Boxing's longest reigning world champ says he's older, wiser and better than ever ahead of his 126-pound showdown versus hard-hitting Mark Magsayo Saturday night on PBC on SHOWTIME.
Gary Russell Jr. could easily envision the thought. He represents that rare breed where a young fighter would trudge through herds of yak and across a barren, icy tundra to seek out his vast wisdom. Russell can see the young fighter atop a snowy Himalayan mountain approaching a smallish man clad in a brown hooded robe underneath a thatched roof of a Tibetan monastery.
The man in the robe is Russell, who pulls down his hood and dispenses his wisdom.
It’s exactly what the WBC featherweight World Champion southpaw plans to do against his Filipino challenger, unbeaten power-puncher Mark Magsayo this Saturday in a PBC on SHOWTiME event on SHOWTIME Championship Boxing (9 p.m. ET/6 p.m. PT) from the Borgata Hotel Casino & Spa in Atlantic City, New Jersey.
Russell is a boxing Yoda.
“That’s honestly how I’m feeling,” said the 33-year-old Russell, laughing. “These young guys see my age, and they’re banking on me getting older or showing a little bit of ring rust. Something like that. I think I’m getting better as I go. I realize that at this point in my career, the things that probably took me more effort to do, I can do the same job with less effort.
“Where I used to spend energy, I don’t now and that comes with experience. I think that goes back to the level of competition that I’ve competed against. These were mandatory challengers, guys like JoJo Diaz and Kiko Martinez, who went on to be world champions. That level matters. A lot of guys in this sport don’t fight that level of competition. They want to pick and choose who they want to fight.”
There is a sagacity in Russell’s voice and demeanor. At this, he bellows a huge laugh again. He equates his maturity to the Neo character in The Matrix. Where every fight was once back-and-forth, experience and maturity have placed him above all other 126-pounders.
This has been, however, a tough time for Russell. He’s almost training himself. The one rock-solid foundation in his life, his father, Gary Russell Sr., had a foot amputated last month due to complications from diabetes. Because of this, Gary Sr. has not been in his son’s camp as frequently as Gary Jr. would like, due to sporadic hospital visits.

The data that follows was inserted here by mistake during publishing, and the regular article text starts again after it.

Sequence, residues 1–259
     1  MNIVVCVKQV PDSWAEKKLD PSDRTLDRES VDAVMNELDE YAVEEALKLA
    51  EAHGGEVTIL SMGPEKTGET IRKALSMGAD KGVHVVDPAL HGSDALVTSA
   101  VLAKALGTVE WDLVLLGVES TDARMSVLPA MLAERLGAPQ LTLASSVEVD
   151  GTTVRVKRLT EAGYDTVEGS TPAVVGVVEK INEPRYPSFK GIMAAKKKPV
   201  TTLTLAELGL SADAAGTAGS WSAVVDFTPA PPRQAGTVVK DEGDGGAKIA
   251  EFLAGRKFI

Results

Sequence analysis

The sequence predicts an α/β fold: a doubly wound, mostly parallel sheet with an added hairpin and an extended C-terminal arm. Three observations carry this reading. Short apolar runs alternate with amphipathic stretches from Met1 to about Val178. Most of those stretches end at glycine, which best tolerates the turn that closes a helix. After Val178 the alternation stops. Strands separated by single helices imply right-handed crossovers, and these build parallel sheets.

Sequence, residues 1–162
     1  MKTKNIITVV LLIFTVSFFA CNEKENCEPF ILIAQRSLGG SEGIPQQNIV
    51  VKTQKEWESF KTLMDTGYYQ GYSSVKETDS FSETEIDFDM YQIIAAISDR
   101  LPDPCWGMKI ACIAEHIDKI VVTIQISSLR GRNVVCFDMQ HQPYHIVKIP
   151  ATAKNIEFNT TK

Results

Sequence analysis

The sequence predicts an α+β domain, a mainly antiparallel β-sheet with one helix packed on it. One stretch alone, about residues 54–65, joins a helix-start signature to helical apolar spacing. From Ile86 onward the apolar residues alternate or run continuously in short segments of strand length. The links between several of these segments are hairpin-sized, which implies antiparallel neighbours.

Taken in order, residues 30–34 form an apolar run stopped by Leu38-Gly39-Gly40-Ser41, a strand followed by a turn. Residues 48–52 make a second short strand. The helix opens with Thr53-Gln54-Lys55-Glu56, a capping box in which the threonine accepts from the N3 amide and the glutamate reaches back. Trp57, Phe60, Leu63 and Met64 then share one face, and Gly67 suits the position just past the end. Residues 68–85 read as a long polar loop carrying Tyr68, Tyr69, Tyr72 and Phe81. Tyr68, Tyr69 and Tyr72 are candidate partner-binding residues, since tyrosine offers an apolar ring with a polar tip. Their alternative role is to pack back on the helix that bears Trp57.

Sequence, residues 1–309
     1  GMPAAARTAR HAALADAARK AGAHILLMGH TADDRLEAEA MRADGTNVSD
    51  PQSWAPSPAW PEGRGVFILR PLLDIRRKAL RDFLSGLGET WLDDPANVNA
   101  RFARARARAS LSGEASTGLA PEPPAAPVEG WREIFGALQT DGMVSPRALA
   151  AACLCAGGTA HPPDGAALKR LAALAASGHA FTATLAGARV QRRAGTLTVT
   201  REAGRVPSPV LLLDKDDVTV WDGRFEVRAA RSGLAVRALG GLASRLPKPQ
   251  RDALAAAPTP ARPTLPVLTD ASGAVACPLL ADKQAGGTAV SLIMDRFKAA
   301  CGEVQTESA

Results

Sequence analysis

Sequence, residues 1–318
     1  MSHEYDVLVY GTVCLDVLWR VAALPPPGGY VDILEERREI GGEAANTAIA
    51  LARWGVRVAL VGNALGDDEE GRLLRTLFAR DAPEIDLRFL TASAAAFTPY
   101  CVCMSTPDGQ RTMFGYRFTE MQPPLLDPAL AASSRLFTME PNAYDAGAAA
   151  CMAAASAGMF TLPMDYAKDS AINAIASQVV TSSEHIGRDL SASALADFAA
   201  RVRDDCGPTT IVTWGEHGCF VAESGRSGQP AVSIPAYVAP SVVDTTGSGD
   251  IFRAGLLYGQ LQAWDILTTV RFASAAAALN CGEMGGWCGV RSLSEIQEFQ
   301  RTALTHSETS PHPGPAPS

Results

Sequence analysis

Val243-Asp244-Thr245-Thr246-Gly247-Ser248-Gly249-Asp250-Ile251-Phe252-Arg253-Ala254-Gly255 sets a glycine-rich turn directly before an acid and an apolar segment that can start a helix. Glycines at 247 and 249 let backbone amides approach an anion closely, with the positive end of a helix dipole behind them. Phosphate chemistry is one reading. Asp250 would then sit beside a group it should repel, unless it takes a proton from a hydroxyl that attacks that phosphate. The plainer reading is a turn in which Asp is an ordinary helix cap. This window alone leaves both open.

Gary Sr. still trains Russell (31-1, 18 KOs) over the phone or virtually on conference calls. Gary Allan Russell III does the physical part. Gary Sr. tells Gary Allan what to do and what he finds missing. Gary Jr. says both Gary Allan and his father will be in his corner against Magsayo.
“My dad is almost there in training, but not quite,” Gary Jr. said. “We’ve been getting the work in. There’s been no whining or complaining. It’s been full progression by any means necessary.”
“ I want that career-defining match where I have been tested, where I have been pushed. ” WBC Featherweight World Champion - Gary Russell Jr.
Gary Jr. admitted he has no concerns about Magsayo (23-0, 16 KOs). His priority is preparing himself to the best of his ability. Russell feels that if he’s on his game he can’t be beat.
“I want (Magsayo) at his best,” Russell said. “I want to be tested. I want that career-defining match where I have been tested, where I have been pushed. I want the opportunity to show and display my skills against someone who is a great fighter.
“When I found out that Gervonta Davis’ opponent (Rolando Romero) fell through, I was willing to step in and take that fight on short notice. I’m always in the gym keeping my wheels turning, and I carry my lifestyle as a fighter and stay in a certain level of condition. I wanted that fight.”
Russell stressed that he’s in the best mental shape of his career. He says his best physical shape came in his early 20s. It doesn’t matter, he said, he’s still sharp and superior to everyone else at 126.
Yet Russell is coming off a 23-month layoff since his last fight, a fifth successful title defense in a unanimous decision over Tugstsogt Nyambayar in February 2020. COVID-19 wiped out numerous opportunities in 2021 and he wants to break free of what’s been a pattern of one fight a year since 2014.
He knows fans would like to see him more frequently.
“God willing, God willing, we’re competing the first month of the year, and God willing, we get this bout through, we get through this guy, and I think we’ll be able to circle back around towards the middle of the year,” Russell said. “And then towards the end of the year. I think the issue is guys don’t want to get in the ring with me.
“I was supposed to fight Rey Vargas. For some weird reason, he fought on Canelo (Alvarez’s) undercard. Vargas was supposed to be my WBC mandatory challenger last year. That didn’t unfold. I can’t force these guys to get into the ring with me. That’s always been the issue.”
Magsayo is willing.
Trained by Hall of Famer Freddie Roach, the sturdy 26-year-old Filipino can box and hit with power. He won a unanimous decision over former world titleholder Pungluang Sor Singyu and got up from a fifth-round knockdown to win his last fight by 10th-round knockout over Julio Ceja in August 2021.
Can Magsayo deal with the master boxer? Is he willing to climb that mountain top to receive wisdom?
“He might be finding out on January 22,” Russell said.
For a closer look at Gary Russell Jr, check out his fighter page.